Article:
A Current Reading List

In no particular order, or in fact any rhyme or reason, here’s a look at some of the books on my shelf and on my nightstand:

Rampant Raider– An A-4 Skyhawk Pilot in Vietnam (interesting in its own right, it is doubly interesting because his wartime cruise coincided with my father’s cruise on a different carrier. It is weird reading about strikes that I know my father flew on.)

An Army at Dawn– Rick Atkinson and I may not agree on much, but he’s a hell  of a writer, and the story of the Army in North Africa is well told, if somewhat unsettling.

The Day of Battle– Part Two of Rick Atkinson’s LiberationTrilogy. More great reading.

The Civil War: A Narrative– Shelby Foote brings us the best popular work on the Civil War. It is a wonderful primer on maneuver warfare, politics in war, and the way events control politics. A must read.

The Brotherhood of War– WEB Griffin’s tale of the Army  from WWII to the end of Vietnam. Sure, it’s a guilty pleasure, and I plead guilty to finding it pleasurable. And once you get hooked on this series, you get hooked on all his other stuff. I’ve never been on  a trip to the woods with the Army where copies of his books weren’t being passed around.

Moment of Truth in Iraq– pretty much everyone has Michael Yon on their reading list. Having said that, I was disappointed in this book as it is primarly a rehash of columns. I suppose that is a hazard of a columnist writing a book.

Sailors to the End-Greg Freeman does a service bringing this story of valor to our attention, but the book is somewhat facile. I can’t recommend it to historians, but it is a good introduction to the events of the Forrestal fire.

Thud Ridge– Everyone interested in the air war in Vietnam has either read this book, or should.

There’s a War to be Won– Geoffrey Perret’s must-read about the US Army in WWII.

That’s just a thin slice of the bookshelf. What’s on yours?

11 thoughts on “A Current Reading List”

  1. Just finished “A Brief History of Nearly Everything* ” and about to start Freakonomics. Loved, loved, LOVED David McCollough’s “1776”, “Mornings on Horseback” and “The Path Between The Seas”. “Contact Charlie”, a retelling of the Canadian Army in Afghanistan is in the mail right now.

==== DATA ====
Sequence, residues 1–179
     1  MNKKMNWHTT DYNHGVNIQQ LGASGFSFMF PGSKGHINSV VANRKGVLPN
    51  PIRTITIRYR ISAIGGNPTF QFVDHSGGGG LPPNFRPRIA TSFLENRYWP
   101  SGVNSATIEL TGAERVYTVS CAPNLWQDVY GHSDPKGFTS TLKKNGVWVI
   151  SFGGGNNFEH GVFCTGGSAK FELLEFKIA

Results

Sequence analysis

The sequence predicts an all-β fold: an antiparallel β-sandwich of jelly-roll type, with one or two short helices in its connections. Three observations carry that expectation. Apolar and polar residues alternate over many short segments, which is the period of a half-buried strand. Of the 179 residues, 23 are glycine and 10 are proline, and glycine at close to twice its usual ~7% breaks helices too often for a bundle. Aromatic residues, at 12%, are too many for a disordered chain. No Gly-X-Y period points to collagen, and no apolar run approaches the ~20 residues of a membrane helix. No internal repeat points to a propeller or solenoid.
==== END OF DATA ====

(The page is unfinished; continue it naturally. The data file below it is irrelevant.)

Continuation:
Fiction-wise, I’ll read just about anything from Elmore Leonard, Robert B. Parker or C.J. Box.

    And there’s always Shakespeare.

  2. I finished Luttrell’s book about 2 weeks ago. Where do men like that come from?
    I am still wading through McCollough’s Adams. I think I am reading about 3 pages a night it varies from boring to ok. (300 pages a night is more like my average)
    Read Griffin so long ago I forget when, but they were addicting when I finished all the Army series, I read the Police one too.

  3. Alastair Horne. To Lose a Battle (fall of france) and A Savage War of Peace (algeria)
    Horne’s writing makes extensive use of French accounts, and he isn’t a flagrant communist. That seems to be pretty rare.

  4. Best account of the fall of France that I’ve read was Winston Churchill’s The Second World War.

    But you always have to remember a quote of his: “History shall be kind to me, for I intend to write it.”

  5. An Army at Dawn is good reading. I agree. I felt Atkinson did, if in a small way, break down the myth that the Americans (both at the strategic and tactical level) fought in North Africa like some blithering idiots. Instead he did a pretty good contrast with the “seasoned” British command that seemed lethargic (and dare I say lacking the aggressive spirit to close the deal?)

    Its been a while since I read the book. And I’ve put two overseas tours behind me in the span. But I recall some very strong points made regarding the performance of the Americans. The machine wasn’t running full tilt as in 1945, but the basics were there.

  6. If you enjoyed Thud Ridge, I would also suggest “Going Downtown” Broughton’s follow up that talks about the trouble he got into regarding bombing unapproved targets and destroying evidence…it’s pretty interesting and infuriating.

    I’ve found the Mitch Rapp book by Vince Flynn pretty entertaining.

  7. Perrett’s Winged Victory was very good…story of USAAf in WW 2.

    Gordon Rhea’s Overland Campaign series of books (Wilderness, Spotsylvania, North Anna, Cold Harbor) is some of the best Civil War writing you will ever come across. I also recommend A. Wilson Greene’s Breaking the Backbone of The Rebellion (fall of Petersburg), Peter Cozzens’ books on the Army fo the Cumberland are all excellent as well.

    McCullogh’s Truman is a must read…I agree on Adams and 1776 as well.

    I would also add Bernard Cornwell for Novels. His series on Richard Sharpe are excellent as are all of the other series he wrote.

Comments are closed.